Nimrod: The Ladies’ Philoptochos Society
This story appears last in my recently completed collection about Greek women and first-generation immigrants.
While unavailable online, it begins:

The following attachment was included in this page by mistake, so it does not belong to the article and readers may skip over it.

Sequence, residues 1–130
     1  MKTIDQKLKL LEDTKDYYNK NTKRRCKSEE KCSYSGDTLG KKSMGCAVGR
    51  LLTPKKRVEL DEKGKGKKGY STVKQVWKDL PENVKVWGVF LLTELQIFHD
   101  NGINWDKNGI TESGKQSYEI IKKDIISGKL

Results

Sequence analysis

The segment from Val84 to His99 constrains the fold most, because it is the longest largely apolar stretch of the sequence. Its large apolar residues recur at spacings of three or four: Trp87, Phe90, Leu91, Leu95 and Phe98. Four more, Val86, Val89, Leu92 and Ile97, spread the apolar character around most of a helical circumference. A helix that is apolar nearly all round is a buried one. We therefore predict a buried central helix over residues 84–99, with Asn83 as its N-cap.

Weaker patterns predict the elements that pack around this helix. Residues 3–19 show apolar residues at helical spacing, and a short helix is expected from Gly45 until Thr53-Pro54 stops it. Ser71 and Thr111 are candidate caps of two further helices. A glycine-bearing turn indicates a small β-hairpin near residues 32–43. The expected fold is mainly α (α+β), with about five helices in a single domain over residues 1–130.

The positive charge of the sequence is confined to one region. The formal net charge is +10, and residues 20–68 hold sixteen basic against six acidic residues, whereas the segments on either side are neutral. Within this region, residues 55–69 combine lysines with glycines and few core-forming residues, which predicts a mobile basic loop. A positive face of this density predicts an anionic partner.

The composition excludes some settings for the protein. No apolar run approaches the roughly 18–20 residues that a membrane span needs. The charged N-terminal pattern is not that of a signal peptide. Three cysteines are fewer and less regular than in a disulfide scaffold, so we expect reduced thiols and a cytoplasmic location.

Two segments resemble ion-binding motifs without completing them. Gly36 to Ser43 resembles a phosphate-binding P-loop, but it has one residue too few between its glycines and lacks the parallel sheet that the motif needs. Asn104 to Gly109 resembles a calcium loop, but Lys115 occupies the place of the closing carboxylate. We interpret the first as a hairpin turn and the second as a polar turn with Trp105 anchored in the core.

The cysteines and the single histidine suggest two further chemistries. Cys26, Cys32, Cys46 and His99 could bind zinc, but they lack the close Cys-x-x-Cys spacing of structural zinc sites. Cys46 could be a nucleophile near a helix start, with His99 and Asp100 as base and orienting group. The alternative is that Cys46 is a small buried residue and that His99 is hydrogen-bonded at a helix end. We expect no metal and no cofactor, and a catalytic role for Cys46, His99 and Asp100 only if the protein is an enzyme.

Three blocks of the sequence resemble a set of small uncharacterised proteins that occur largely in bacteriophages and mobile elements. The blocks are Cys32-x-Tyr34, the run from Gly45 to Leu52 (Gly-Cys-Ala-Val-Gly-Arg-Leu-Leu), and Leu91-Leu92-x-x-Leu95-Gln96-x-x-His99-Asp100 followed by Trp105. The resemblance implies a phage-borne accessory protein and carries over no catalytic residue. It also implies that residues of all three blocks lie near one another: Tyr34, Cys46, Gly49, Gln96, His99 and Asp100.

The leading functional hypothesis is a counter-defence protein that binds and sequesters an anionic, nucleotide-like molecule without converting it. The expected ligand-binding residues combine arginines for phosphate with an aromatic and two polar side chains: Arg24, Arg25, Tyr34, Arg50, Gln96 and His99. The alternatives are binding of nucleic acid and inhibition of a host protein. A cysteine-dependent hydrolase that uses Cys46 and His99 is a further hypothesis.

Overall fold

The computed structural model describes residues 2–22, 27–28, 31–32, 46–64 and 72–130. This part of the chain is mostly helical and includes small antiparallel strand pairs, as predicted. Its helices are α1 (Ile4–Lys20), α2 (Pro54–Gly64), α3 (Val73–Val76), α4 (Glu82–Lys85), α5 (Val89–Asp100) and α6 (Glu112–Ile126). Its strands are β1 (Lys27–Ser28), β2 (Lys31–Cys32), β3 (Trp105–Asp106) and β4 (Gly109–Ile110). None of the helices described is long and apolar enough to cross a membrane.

“When Gloria cries from her crib, her sound jams its notes into each of the six bedrooms before finding me in the kitchen, usually in the kitchen, at the stove or the table, eyes loose with sleeplessness. This palace is cold, so many rooms without personality, each of them filled with proof that we have money but no heart. Before we left Rethymno, Christos said, “Don’t worry, Sofia. America is made for opportunity.” Opportunity. I’ve been here eleven months and my opportunities have been to cook, to stay home every day without a person to talk to, to lie on my back at night while he rocks his pain into me, to give birth. Gloria. She’s so small, a sack of potatoes, six months old with doughy cheeks and blue eyes that can hurry up and change. She needs me all the time, her cries rarely stopping, and I’ve tried it all: feeding and singing and prayer, and Christos comes home and yells at me to make her quiet so he can sleep, and I swear this ridiculous house will be the tomb I am buried in…”